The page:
Although the Passivhaus design is rapidly spreading worldwide, limited studies have examined its actual performance during operation. This study used Australia's first student accommodation built to the Passivhaus standard as a case study to assess the gaps between design prediction and in situ performance. Passivhaus criteria, supplemented with the adaptive thermal comfort approach, were applied to evaluate the discrepancies between design predictions and measurements. This year-long study discovered significant gaps in three indicators, including primary energy renewable, overheating frequency, and space heating energy demand. The simulation was over-optimistic in the first two indicators but conservative in the last. The discrepancies were mainly caused by the default assumptions and inherent restrictions of the simulation platform. Improvements can be achieved by incorporating more advanced datasets for the estimation of appliance energy use, improving the feedback process from measurements to the simulation tool and developing a more integrated simulation package. The results of this study contribute toward a deeper understanding of the magnitude, causes, and solutions of performance gaps between design and operation stages for large Passivhaus projects.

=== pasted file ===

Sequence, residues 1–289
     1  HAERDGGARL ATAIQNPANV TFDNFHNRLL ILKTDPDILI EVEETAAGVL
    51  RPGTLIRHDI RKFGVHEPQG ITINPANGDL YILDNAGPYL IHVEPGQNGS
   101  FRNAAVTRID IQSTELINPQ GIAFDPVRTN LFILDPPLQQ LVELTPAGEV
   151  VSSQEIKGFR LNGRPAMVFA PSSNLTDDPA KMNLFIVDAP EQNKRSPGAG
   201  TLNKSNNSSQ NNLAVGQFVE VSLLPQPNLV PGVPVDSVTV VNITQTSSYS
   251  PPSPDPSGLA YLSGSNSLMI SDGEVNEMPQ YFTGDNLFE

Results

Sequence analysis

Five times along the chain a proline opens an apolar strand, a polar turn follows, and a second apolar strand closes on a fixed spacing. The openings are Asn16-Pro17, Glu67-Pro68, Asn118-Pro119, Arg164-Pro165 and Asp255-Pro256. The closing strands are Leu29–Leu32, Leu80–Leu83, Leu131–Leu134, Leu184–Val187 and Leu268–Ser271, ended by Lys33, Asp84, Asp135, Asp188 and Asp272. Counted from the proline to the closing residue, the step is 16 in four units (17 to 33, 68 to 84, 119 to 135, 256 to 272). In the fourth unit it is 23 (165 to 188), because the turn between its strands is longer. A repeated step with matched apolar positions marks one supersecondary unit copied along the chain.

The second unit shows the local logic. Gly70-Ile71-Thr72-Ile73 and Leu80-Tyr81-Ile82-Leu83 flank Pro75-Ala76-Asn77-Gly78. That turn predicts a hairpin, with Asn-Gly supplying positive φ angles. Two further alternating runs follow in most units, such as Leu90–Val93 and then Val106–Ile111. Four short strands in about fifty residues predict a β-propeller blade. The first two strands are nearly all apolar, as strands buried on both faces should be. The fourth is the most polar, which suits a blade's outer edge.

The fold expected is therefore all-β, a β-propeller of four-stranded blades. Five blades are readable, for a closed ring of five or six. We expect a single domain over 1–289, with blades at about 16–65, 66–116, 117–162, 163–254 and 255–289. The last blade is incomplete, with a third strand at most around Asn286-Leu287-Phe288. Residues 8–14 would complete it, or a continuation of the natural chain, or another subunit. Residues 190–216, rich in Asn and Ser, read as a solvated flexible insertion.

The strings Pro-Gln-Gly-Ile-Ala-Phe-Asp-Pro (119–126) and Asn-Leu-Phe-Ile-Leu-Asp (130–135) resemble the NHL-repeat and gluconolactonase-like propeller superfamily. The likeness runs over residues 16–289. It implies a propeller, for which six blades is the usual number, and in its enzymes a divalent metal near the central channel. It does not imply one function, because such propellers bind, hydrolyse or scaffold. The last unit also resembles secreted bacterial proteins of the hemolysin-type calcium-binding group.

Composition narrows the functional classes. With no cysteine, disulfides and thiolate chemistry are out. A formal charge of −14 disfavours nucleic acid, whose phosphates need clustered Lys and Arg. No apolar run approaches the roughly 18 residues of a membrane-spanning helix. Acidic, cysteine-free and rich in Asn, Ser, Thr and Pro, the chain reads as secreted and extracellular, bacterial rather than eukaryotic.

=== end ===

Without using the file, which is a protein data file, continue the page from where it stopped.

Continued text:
- Adaptive thermal comfort
- Multi-storey accommodation
- Passive house planning package (PHPP)
- Primary energy renewable (PER)
- Space heating demand